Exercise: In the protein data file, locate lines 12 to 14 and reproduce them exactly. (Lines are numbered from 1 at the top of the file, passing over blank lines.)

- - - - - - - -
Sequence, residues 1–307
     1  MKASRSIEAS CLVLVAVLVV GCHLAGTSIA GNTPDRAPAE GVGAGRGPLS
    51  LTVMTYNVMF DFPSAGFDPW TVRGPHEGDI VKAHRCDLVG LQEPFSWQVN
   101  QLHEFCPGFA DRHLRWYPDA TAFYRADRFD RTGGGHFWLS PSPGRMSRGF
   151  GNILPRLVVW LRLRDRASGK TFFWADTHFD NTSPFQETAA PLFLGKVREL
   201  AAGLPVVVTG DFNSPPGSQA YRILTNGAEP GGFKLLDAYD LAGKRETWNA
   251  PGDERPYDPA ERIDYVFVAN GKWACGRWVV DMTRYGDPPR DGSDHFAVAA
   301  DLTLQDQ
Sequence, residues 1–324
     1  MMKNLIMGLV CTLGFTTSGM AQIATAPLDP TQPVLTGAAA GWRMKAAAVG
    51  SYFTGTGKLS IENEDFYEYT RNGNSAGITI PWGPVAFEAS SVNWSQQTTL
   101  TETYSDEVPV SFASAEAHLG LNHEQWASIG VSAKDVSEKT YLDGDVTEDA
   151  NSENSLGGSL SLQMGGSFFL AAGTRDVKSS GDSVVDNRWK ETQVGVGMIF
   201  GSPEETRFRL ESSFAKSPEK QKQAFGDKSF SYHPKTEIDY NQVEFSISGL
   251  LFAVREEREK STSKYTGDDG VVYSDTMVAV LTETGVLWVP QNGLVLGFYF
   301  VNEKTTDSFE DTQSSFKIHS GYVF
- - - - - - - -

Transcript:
   101  TETYSDEVPV SFASAEAHLG LNHEQWASIG VSAKDVSEKT YLDGDVTEDA
   151  NSENSLGGSL SLQMGGSFFL AAGTRDVKSS GDSVVDNRWK ETQVGVGMIF
   201  GSPEETRFRL ESSFAKSPEK QKQAFGDKSF SYHPKTEIDY NQVEFSISGL